Online shopping

Gander closes $4.2 million seed round to ‘humanize’ online shopping – TechCrunch

E-commerce platform Gander today announced the closing of a $4.2 million funding round co-led by Harlem Capital and Crossbeam Venture Partners.

The seed adds Gander founder Kimiloluwa Fafowora, 26, to the growing list of black women who have raised $1 million or more in venture funding — a feat no more than 250 have achieved. Fafowora told TechCrunch that the idea for Gander came from her own desires as an online shopper looking for an easier way to conceptualize the items she was looking to buy.

“A lot of things that are really helpful in bringing products to life don’t really exist online,” Fafowora said.

To solve this problem, in late 2021 it launched Gander, which collects and embeds user-generated video content into retail sites so shoppers can see what a product looks like in real life. Gander also has a Creators Marketplace, which gives brands direct access to video content. Fafowora hopes to increase the hiring of its sales and engineering teams with the new capital and focus on continuing to grow the business.

“We designed our product to get big data that will help e-commerce brands humanize their stores to make them as accessible as possible,” Fafowora continued. “It helps the customer to feel as happy as possible for shopping.”

A hit with investors

Fafowora enrolled at the Stanford Graduate School of Business with a keen understanding of wanting to humanize online shopping. While the pandemic kept her studies virtual, she carried out several tasks of research, product experimentation and networking.

Her product has grown in popularity after its launch and has already secured high-profile customers, although she declined to share names. Gander’s success is evidenced by the fact that it took less than three months to close its $4.2 million seed. In fact, Fafowora said fundraising was not a priority at the start of the year. But news of her business started to spread and soon investors were flooding her with offers.

“Before we knew it,” she recalls, “we had condition sheets.”

“A lot of the stuff that’s really helpful in bringing products to life doesn’t really exist online.” Kimiloluwa Fafowora, founder of Gander

Fafowora met Henri Pierre-Jacques, managing partner of Harlem Capital, and Ryan Morgan, managing director of Crossbeam, through other investors. She said the two recognized the need for her product and understood the vision for where she wanted to take the company.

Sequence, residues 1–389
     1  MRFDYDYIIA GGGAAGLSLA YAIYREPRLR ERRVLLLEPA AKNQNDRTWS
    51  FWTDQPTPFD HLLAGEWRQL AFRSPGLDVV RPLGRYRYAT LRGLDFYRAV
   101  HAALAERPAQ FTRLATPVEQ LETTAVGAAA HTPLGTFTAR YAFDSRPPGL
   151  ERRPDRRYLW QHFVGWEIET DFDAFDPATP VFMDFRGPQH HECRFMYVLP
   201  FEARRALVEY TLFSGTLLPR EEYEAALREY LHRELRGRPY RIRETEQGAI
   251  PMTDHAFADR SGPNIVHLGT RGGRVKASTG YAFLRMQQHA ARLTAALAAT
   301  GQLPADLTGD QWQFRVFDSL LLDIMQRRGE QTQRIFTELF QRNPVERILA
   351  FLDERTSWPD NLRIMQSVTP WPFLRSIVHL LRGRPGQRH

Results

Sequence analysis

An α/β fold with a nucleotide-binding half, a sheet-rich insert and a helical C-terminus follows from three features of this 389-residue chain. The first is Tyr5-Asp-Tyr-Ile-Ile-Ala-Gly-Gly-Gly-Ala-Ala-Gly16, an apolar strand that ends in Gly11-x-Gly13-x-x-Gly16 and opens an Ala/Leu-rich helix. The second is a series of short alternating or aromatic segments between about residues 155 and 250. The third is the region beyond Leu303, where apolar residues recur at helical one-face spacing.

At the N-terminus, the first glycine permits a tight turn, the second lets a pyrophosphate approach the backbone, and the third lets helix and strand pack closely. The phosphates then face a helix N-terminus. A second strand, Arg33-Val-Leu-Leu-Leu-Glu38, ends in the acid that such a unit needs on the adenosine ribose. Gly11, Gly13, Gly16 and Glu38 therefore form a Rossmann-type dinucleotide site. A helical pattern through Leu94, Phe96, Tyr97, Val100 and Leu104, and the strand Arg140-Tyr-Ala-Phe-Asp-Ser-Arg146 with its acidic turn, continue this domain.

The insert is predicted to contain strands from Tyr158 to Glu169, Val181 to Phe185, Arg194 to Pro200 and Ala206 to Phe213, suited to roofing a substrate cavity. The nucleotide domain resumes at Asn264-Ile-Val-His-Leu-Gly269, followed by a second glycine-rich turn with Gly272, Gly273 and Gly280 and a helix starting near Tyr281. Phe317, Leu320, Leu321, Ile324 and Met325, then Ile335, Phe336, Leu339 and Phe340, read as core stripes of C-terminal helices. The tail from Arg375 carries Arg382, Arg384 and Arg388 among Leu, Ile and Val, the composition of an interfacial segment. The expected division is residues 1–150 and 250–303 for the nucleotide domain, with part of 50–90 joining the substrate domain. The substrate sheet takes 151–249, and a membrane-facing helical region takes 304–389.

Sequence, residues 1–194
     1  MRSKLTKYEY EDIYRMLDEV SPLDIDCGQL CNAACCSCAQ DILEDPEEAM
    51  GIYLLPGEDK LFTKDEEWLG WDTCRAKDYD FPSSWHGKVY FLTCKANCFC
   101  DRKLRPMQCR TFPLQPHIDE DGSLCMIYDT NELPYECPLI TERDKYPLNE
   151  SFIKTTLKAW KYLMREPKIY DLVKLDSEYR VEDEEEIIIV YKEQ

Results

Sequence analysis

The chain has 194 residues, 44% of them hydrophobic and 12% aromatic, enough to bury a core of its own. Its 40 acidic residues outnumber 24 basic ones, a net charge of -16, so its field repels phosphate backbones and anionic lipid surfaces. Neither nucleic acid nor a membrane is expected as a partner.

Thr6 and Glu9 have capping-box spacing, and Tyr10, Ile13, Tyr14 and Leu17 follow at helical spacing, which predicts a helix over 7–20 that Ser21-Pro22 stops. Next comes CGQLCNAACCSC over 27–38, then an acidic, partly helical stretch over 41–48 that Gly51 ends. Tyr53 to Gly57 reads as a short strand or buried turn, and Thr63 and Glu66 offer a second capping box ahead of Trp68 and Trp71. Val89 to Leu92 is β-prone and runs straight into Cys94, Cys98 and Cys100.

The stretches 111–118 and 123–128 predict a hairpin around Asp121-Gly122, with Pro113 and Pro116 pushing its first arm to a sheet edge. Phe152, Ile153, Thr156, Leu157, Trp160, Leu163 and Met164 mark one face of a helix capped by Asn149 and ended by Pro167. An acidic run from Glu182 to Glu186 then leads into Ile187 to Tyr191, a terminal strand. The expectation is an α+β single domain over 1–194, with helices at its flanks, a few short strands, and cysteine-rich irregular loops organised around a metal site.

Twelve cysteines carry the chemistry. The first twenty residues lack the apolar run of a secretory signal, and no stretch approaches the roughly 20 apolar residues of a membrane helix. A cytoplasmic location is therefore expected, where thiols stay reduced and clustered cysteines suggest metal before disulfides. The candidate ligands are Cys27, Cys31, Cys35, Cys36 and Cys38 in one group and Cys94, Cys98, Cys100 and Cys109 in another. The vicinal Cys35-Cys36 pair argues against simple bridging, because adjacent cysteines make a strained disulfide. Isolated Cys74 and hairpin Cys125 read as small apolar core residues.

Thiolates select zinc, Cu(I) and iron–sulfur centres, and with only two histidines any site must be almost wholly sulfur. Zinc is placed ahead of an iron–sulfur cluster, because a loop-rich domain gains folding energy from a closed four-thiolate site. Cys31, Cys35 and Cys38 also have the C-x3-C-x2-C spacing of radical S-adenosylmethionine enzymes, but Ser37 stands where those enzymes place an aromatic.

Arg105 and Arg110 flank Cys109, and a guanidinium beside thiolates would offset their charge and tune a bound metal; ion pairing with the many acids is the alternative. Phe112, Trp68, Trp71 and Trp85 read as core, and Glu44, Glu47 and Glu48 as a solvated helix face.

“As the e-commerce landscape has grown over the past few years, brands have had to find ways to connect and communicate with customers authentically,” Morgan said in a press release. “Not only does Kimiloluwa have a unique understanding of the needs and appetites of the modern consumer, but she also has experience scaling e-commerce brands, which led her to develop a solution to improve communication between online brands and consumers.”

Pierre-Jacques added. “We are big investors in e-commerce enabler tools and view Gander as the evolution of user-generated content for brands,” he said in the release.

Additional funding came from Boon Fund and a collection of Boy Scouts and Angels.

It’s just the beginning

Gander is a complete moment for Fafowora. She has always wanted to start a business and comes from a family of entrepreneurs. The idea of ​​creating her own future while helping others appealed to her, but for a very long time she could not decide how to realize this dream.

The light bulb went on as she worked as a strategist to help scale consumer brands. Often she would come away feeling that something was missing from their online strategies. She figured someone should do something about it.

After graduating from Stanford on Sunday, Fafowora plans to focus on scaling her business in hopes of helping brands reach shoppers more easily while also looking at using creators to interact with consumers to help them make purchasing decisions.

“It’s all part of her dream to help usher in a new era of e-commerce,” she said, adding that “collecting and integrating video content is just the beginning.”